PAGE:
How to Approach the Mock CATs and The CAT?

How to Approach the Mock CATs and The CAT?

Dear CAT aspirant, we hope your preparation for CAT is going at full throttle.While thinking of CAT mocks, the first thing to figure out is how many CAT mocks should one write? It is advisable to write anywhere between 50 to 100 CAT mocks. Let us assume you have 6 months left for CAT and you plan to write 50 mocks. You should distribute the mocks with 2-3 in the first month of your preparation and increase it up to 12-15 in the last month. If you have more time, then you can increase the number of CAT mocks per month.

In the first month of your CAT preparation, you should be focussing on clearing your concepts and equipping yourself with the CAT tricks to solve various types of questions. In the first 4-5 mocks you should try various strategies to attempt the paper and zero-in on the one that suits you the most. Please note we will not mention the number of questions to be attempted as it entirely depends on the difficulty level. Never go for CAT or any CAT mock with the target of solving these many questions. Naturally an easy paper will demand speed and a difficult paper will require accuracy. You will be able to judge the difficulty level of any paper only if you have written a sufficient number of CAT mocks. Let us talk about the strategies section by section.

VARC in CAT Exam:

The verbal section generally contains 24 questions on RC and 10 questions on verbal ability. You may solve RCs first in 40-45 minutes and verbal ability questions in the remaining 15-20 minutes. Or, you can go in the reverse order. Try both the strategies in two mocks each and you will have an idea of what suits you. Generally people attempt RCs first as these 24 questions are bundled in sets. Naturally solving a RC set takes more time than solving individual questions of verbal ability. Hence even if you have limited time after solving the RC part, you can go for some standalone questions for verbal ability. Your focus should be to utilize each of the 60 minutes provided.

DILR in CAT Exam:

This section consists of 8 sets of 4 questions each. A common and advisable strategy is to scan the 8 sets in the first 5-6 minutes and get a rough idea of what the type of sets are. Some sets will be heavy on calculations and require less logical reasoning. Some others will be the opposite of this. Some may seem easy while others may seem difficult. Some sets shall be so long that reading the entire set will take upto 5 minutes, let alone solving it. While you scan the sets in the first few minutes, make a list of the order in which you shall attempt the sets. It is advisable to keep the easy ones at the top of the list. Also, you may solve the sets requiring logical reasoning before the ones requiring heavy calculation. The rationale behind the list is to figure out the easily doable sets in the first. This will stop the pressure from building and help to keep a calm head. Doing the most difficult or calculation heavy sets at first will require more time and getting stuck will build pressure.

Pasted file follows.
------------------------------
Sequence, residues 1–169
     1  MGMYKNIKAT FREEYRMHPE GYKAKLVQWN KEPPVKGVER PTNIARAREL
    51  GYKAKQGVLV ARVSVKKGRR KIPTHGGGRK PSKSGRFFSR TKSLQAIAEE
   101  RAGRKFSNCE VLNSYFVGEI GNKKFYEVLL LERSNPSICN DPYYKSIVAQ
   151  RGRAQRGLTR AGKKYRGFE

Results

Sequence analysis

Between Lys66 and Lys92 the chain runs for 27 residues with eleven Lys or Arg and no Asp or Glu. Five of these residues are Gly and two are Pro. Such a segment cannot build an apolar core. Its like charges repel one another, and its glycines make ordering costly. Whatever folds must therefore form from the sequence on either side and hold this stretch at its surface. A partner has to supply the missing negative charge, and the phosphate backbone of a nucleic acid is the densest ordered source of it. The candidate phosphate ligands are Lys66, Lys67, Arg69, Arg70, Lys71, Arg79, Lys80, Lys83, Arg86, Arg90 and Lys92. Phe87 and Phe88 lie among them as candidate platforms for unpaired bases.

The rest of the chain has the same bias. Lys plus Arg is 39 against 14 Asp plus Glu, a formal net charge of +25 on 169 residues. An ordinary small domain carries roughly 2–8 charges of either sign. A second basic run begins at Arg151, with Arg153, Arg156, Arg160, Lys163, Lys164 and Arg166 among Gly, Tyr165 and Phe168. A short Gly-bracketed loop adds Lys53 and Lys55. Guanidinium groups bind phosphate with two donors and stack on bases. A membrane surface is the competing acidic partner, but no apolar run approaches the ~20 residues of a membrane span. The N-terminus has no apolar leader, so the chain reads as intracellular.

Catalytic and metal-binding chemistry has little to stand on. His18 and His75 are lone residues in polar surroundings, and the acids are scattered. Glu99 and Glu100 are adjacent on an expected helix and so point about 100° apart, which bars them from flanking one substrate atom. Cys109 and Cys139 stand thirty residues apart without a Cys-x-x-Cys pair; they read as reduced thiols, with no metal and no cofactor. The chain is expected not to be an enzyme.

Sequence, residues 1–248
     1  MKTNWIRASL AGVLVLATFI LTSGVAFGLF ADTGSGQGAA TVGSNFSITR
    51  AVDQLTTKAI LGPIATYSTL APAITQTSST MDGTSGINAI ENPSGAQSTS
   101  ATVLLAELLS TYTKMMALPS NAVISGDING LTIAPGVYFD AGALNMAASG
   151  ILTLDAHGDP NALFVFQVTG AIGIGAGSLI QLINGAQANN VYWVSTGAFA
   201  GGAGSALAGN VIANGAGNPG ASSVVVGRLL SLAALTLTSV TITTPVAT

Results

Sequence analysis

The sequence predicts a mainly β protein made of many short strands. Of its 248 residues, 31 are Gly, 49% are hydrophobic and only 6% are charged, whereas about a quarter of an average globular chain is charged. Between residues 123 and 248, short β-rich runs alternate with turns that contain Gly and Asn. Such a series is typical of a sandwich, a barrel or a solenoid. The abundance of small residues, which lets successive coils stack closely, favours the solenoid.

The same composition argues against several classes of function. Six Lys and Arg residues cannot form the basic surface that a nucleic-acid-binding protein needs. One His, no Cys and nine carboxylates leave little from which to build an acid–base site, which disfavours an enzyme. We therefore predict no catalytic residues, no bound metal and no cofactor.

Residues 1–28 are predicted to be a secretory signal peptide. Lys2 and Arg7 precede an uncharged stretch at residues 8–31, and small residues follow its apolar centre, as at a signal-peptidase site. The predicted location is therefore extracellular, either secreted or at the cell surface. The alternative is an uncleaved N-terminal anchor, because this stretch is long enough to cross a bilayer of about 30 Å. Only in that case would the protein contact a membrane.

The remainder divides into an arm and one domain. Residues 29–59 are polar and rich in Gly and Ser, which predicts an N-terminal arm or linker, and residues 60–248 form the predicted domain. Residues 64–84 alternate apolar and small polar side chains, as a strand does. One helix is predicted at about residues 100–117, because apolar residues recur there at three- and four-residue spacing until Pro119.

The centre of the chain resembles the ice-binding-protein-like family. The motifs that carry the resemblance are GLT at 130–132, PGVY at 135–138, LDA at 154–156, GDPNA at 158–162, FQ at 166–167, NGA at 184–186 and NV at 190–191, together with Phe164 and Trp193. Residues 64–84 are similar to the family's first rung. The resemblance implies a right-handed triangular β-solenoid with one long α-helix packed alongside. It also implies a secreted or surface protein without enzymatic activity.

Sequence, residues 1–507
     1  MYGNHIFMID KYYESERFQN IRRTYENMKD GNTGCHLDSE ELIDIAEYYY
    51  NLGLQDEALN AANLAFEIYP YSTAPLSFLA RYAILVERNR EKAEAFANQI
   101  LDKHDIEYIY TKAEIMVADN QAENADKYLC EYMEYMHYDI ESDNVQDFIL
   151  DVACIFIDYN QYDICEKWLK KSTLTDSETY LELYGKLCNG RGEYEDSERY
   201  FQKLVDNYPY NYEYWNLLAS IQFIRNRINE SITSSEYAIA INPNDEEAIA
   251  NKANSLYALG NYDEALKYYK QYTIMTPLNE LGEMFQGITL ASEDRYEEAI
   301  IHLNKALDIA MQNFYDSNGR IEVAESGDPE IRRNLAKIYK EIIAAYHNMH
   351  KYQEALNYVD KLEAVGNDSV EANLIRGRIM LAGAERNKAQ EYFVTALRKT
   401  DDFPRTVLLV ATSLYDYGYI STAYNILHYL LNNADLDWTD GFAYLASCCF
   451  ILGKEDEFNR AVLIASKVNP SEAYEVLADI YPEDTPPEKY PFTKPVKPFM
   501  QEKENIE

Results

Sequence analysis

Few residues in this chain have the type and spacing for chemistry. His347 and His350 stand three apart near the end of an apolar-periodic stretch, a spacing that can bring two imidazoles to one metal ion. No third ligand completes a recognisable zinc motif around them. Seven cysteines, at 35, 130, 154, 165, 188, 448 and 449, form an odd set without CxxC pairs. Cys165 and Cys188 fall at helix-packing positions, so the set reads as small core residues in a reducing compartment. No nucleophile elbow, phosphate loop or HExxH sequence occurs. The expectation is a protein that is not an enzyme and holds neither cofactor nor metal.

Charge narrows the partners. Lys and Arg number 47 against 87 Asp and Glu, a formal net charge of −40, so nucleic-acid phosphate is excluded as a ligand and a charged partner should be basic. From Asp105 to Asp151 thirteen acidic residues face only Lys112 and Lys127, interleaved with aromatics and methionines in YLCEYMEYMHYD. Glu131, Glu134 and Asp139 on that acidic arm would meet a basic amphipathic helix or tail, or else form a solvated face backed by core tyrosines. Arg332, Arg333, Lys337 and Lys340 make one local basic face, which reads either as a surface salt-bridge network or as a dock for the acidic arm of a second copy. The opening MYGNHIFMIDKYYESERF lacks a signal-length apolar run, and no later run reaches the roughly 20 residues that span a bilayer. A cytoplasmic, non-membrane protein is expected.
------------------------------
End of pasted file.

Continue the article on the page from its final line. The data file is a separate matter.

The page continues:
QA in CAT Exam:

The QA section contains 34 questions. As there are no sets here, you should not waste your time on scanning the entire paper. Start from the first question or from the middle of the paper if you want. Do the following:

  • If the text is so long that only reading it will take 1.5-2 minutes, skip it instantly. You will have time at the end for the skipped questions. Also, skip a question if you are not able to figure out how to proceed in 1-2 minute after reading the question.
  • Once you have found a doable question, a general rule of thumb is to absolutely not spend any more than 3 minutes on that question. Only if you are sure of solving it in a maximum of one more minute, then you could think of spending an additional few seconds.
  • Please note there will be some easy to moderately easy questions distributed throughout the paper. Your priority should be to find and solve them. They will give you the time to go back to skipped questions in the end.
  • Keeping these things in mind, you should be able to go through the entire paper in 45-50 minutes. By this time you will be done with all the easy and moderate questions. The remaining 10-15 minutes shall be for skipped questions.
  • While you skip questions, note them down into two groups, group one for the lengthy ones and for those in which you made partial progress. Second group for those which are best left unsolved owing to their difficulty level. Doing this will save you some valuable seconds.
  • Note that these are advisable strategies. A good number of mocks will help you find what strategy suits you.
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